When starting from the human side, the spiritual side, the side of the mind in working our logic—when we talk about life, death, and what may, or may have existed before life and after death—we must consider the three words that are title to this piece.
From the scientific language, the philosophy growing from our fluid experiment, we are brought to the realization that Krishnamurti’s “What Is,” the virtual reality of our minds, is where we exist and that we become aware of reality from birth by representing our boundary, our difference, our change, our sampling of “What Is Behind What Is” and then generalize that information into the fleshed-in, virtual world of our minds, the multifaceted world we call “What Is.”
We say that the boundary we represent seems to condense or collapse out of “What Is Behind What Is,” each time we reach out to sample it.
The question important to me is not “Do we exist after death?” nor is it “Are we aware of our existence?” but “What happens to the configuration, the boundary, that was uniquely us, after we die?”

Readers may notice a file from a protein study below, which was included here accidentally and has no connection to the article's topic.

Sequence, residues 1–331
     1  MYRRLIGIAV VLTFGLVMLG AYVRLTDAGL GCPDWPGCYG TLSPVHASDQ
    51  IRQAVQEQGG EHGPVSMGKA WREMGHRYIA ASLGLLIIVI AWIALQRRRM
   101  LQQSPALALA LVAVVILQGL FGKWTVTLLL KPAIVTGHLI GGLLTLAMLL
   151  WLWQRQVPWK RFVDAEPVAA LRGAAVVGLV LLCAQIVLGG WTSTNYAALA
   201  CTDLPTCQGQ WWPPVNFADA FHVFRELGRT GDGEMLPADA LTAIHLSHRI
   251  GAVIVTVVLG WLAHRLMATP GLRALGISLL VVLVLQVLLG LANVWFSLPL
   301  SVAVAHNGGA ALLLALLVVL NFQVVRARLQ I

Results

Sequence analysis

The conclusions we hope to come to will be that no matter how improbable, all perspectives exist, just not always here and just not always now. They live on, perhaps until the time two or more such perspectives can collapse across a boundary to create the essence of an existence, an existence in the here and now. The awareness of awareness (How we become watchers instead of simply responders).
But what is the nature of perspectives as they statistically and momentarily bump into and separate from one another? What causes them to hook up in the first place? (For those possible answers, see menu items “Sampling and Statistics” and “Space and Time.”)
So, our main question might be “If we cannot know the nature of What Is Behind What Is—how it operates in the arenas of the before and after lives—how can we possibly predict the chances of a before life or after life based on this life? (the one we’re in the process of constantly sampling in the here and now)
As an analog our expanding-droplet experiment can tell us what is possible to describe using our mathematical language (solutions to the general energy equation) that illuminates both the change in energy across a boundary and the experience of that change, The Flow.